Food estate plans back with a vengeance for Southern Papua.

The awasMIFEE website was set up in 2012 to provide news on the implementation of the Merauke Integrated Food and Energy Estate, a 1.28 million hectare megaproject which had been launched by the Indonesian government in 2010. A decade later, the expansion of rice and other food crops has not been realised on the scale imagined, even though the MIFEE project has had one main impact on the ground, through the impulse it has given to the expansion of palm oil plantations in the north-east of Merauke Regency. Nevertheless, the fantasies of the Jakarta elite to flatten the forests and savannahs and drain the wetlands of swathes of southern Papua have not gone away. The spectre of the megaproject was raised once again in 2015, when President Joko Widodo visited an experimental rice project run by the Medco group. Now, since July 2020, the government has been seriously trying to revive the plans once more

Claiming that agricultural expansion is needed to counter a threat to food security posed by the coronavirus pandemic, in 2020 Indonesia relaunched a nationwide program of food estates, modern and industrialised agricultural projects on a vast scale. The first project was to be in Central Kalimantan, on peatlands which were the site of another failed megaproject, the Mega Rice Project. Appointed to a key role in the project, the military has already started clearing forest for a cassava plantation in another part of Central Kalimantan.

Further food estate areas are being proposed around Indonesia, in North Sumatra, South Sumatra and East Nusa Tenggara Provinces. Potentially the largest food estate however, is reserved for southern Papua – not just Merauke Regency but also including parts of Mappi and Boven Digoel Regencies. The area currently being considered is over 3.2 million hectares, virtually all of which are natural forests, savannahs and wetlands, within the territory of several indigenous groups who have not yet been consulted.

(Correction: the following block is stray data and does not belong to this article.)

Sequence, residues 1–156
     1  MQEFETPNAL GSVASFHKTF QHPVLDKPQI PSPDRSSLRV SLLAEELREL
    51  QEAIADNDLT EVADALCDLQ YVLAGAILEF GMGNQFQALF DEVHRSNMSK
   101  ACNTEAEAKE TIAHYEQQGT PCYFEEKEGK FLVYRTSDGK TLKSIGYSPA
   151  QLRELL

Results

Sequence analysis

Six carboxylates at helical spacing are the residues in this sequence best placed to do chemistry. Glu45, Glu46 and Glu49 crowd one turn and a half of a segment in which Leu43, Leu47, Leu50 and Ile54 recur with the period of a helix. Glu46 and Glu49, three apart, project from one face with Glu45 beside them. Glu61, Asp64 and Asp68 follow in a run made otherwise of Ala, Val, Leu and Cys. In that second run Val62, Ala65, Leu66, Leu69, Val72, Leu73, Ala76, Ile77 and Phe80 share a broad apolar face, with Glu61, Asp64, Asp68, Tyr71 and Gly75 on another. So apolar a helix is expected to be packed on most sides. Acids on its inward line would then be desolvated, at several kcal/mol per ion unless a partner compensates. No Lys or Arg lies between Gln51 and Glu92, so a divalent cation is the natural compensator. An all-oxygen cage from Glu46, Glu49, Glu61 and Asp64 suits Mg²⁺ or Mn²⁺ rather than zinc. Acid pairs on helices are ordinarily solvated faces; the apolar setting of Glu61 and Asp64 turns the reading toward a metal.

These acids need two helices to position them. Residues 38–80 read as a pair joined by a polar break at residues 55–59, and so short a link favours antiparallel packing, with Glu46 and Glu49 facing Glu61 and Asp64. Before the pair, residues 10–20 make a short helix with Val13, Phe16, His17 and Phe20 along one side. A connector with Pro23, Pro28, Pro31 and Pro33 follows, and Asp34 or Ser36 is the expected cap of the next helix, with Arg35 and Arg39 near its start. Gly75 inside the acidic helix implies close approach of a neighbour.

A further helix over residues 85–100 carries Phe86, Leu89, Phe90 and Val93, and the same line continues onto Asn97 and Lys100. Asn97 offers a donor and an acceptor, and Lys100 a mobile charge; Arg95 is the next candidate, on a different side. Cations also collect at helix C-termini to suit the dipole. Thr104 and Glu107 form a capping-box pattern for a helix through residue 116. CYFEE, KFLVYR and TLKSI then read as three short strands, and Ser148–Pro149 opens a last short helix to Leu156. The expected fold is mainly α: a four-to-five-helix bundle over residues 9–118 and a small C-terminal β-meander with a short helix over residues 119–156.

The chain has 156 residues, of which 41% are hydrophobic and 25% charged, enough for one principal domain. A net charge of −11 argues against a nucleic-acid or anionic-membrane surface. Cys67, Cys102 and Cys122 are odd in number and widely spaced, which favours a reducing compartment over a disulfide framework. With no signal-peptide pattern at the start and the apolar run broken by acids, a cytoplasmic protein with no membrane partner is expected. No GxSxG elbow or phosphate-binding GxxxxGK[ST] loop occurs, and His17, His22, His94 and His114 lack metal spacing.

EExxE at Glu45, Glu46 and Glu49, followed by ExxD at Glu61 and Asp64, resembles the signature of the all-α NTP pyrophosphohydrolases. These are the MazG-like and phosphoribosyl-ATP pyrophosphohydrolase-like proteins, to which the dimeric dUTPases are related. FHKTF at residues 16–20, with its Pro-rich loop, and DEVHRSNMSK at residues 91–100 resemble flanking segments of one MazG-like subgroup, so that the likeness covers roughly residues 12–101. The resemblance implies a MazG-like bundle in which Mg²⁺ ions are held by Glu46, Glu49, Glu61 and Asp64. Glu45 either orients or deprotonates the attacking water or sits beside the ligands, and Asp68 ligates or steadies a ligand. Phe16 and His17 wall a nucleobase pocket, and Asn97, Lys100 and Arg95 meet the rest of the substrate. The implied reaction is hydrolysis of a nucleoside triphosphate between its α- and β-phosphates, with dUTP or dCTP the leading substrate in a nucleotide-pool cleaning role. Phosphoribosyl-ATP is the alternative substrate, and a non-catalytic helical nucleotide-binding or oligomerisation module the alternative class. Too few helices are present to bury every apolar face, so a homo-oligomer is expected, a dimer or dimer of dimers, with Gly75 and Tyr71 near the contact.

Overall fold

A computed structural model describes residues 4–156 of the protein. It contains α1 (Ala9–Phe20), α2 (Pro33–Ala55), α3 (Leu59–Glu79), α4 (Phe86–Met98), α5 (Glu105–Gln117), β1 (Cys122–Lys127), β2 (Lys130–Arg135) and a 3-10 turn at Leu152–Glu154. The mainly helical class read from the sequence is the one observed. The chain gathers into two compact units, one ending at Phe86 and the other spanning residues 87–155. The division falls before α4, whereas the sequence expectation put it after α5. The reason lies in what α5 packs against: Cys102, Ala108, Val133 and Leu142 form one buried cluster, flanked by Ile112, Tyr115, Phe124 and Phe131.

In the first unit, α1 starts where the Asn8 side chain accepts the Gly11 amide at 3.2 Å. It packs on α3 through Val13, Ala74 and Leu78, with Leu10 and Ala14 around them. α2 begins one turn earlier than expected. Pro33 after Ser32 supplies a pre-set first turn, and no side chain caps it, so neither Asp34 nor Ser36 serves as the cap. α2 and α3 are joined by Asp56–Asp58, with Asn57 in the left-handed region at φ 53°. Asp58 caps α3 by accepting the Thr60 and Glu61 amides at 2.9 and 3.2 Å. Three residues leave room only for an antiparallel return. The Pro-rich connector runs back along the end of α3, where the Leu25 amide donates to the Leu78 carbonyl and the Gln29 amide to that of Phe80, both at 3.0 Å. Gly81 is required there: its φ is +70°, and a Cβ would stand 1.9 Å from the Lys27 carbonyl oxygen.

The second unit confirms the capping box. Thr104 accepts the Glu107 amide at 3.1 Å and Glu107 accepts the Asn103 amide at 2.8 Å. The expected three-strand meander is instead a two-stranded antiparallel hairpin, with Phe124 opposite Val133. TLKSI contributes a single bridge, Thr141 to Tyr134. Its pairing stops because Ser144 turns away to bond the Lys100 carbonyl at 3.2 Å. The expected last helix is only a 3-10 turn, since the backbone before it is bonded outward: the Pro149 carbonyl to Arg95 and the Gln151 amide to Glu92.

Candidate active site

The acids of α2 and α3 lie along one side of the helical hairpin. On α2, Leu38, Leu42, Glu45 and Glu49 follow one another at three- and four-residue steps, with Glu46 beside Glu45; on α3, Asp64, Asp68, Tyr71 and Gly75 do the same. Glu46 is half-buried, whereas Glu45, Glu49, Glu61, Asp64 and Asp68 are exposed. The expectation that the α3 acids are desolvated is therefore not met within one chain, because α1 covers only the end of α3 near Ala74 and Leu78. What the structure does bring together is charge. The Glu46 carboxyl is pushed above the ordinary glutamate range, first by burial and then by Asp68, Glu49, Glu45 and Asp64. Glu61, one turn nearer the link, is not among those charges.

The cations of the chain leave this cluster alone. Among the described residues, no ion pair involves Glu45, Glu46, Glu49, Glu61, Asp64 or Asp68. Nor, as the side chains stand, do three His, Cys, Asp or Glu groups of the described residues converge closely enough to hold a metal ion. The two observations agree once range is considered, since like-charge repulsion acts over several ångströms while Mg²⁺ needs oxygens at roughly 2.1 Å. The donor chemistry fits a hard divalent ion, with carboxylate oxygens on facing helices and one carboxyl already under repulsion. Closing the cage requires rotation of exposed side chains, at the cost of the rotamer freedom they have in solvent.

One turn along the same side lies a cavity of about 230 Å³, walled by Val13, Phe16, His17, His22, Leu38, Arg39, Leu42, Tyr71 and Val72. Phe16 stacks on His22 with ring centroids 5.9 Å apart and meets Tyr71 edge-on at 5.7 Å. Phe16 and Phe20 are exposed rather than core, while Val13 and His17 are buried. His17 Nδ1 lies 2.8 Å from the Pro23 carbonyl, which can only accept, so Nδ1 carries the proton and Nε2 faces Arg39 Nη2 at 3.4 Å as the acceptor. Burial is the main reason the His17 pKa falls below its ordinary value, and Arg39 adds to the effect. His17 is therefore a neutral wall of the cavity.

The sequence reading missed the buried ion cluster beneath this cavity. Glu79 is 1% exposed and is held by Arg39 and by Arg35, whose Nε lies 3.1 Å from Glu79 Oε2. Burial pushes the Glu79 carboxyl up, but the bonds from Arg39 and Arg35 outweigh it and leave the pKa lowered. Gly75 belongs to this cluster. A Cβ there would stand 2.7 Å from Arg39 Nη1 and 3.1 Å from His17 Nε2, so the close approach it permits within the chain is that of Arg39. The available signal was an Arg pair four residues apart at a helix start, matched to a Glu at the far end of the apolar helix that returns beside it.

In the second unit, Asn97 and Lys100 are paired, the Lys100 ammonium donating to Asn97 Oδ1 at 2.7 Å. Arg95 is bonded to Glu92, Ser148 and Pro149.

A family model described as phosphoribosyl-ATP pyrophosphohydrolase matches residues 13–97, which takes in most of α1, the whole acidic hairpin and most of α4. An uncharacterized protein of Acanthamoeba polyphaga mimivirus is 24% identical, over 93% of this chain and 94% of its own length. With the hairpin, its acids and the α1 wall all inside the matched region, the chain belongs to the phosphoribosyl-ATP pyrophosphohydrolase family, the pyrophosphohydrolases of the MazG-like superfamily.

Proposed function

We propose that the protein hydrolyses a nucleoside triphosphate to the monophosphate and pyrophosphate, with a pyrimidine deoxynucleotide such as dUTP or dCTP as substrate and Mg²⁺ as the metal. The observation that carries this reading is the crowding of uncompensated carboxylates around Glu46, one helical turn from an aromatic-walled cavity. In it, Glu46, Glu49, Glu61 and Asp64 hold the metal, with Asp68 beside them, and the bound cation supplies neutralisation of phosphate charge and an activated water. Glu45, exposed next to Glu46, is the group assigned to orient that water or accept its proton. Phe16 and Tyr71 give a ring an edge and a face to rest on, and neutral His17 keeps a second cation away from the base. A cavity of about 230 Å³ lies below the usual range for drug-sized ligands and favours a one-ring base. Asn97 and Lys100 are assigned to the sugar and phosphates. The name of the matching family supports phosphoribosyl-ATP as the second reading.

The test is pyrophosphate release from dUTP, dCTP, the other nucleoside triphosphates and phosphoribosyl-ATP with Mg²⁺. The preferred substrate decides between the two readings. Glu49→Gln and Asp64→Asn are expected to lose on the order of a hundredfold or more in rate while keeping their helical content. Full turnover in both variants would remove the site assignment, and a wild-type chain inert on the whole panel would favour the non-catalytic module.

The plans have been roundly criticised by enviromnentalists, indigenous and peasant movements. A new report, published recently by a coalition of NGOs which details the current state of the food estates around Indonesia  appeals specifically to banks, development agencies and other institutions not to support these reckless plans. The report is available in English and Indonesian, with one page summaries also available in the following languages: English, Indonesian, Chinese, German, Korean and Japanese.

Indonesian NGOs have also produced other useful resources on the new food estate programme:

  • Pantau Gambut has produced an excellent website, focussing specifically on the Central Kalimantan food estate, and debunking many of the myths around food security put out to justify the programme. (in English and Indonesian)
  • Madani has a in-depth briefing of the current state of the food estate in all parts of Indonesia. (in Bahasa Indonesia)
  • The Indonesian Center for Environmental Law has a briefing on legal aspects of the food estate programme, and the new legislation which has been created to facilitate it. (in Bahasa Indonesia)


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